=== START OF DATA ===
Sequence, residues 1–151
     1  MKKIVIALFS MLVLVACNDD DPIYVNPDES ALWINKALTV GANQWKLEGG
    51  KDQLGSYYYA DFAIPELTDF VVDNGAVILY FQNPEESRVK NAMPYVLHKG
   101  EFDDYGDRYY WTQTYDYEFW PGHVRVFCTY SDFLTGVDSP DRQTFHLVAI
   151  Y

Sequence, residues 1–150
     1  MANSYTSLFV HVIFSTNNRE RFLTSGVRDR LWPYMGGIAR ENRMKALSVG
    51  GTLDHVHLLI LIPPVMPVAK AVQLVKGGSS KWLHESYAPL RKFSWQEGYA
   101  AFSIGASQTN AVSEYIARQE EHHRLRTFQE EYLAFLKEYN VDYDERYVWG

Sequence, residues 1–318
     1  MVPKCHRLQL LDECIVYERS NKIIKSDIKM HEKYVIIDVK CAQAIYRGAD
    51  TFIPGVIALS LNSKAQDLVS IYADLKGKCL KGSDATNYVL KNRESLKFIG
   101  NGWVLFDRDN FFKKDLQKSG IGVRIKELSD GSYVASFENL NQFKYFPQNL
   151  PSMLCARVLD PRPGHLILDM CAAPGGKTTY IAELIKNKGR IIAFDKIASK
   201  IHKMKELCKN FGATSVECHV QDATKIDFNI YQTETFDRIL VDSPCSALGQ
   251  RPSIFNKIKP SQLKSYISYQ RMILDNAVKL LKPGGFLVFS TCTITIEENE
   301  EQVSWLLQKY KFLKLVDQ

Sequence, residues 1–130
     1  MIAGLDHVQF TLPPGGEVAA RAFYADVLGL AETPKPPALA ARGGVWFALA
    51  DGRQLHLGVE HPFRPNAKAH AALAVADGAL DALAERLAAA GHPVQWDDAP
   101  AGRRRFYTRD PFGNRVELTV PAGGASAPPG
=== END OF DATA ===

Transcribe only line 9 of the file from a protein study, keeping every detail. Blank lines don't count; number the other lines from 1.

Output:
   101  AFSIGASQTN AVSEYIARQE EHHRLRTFQE EYLAFLKEYN VDYDERYVWG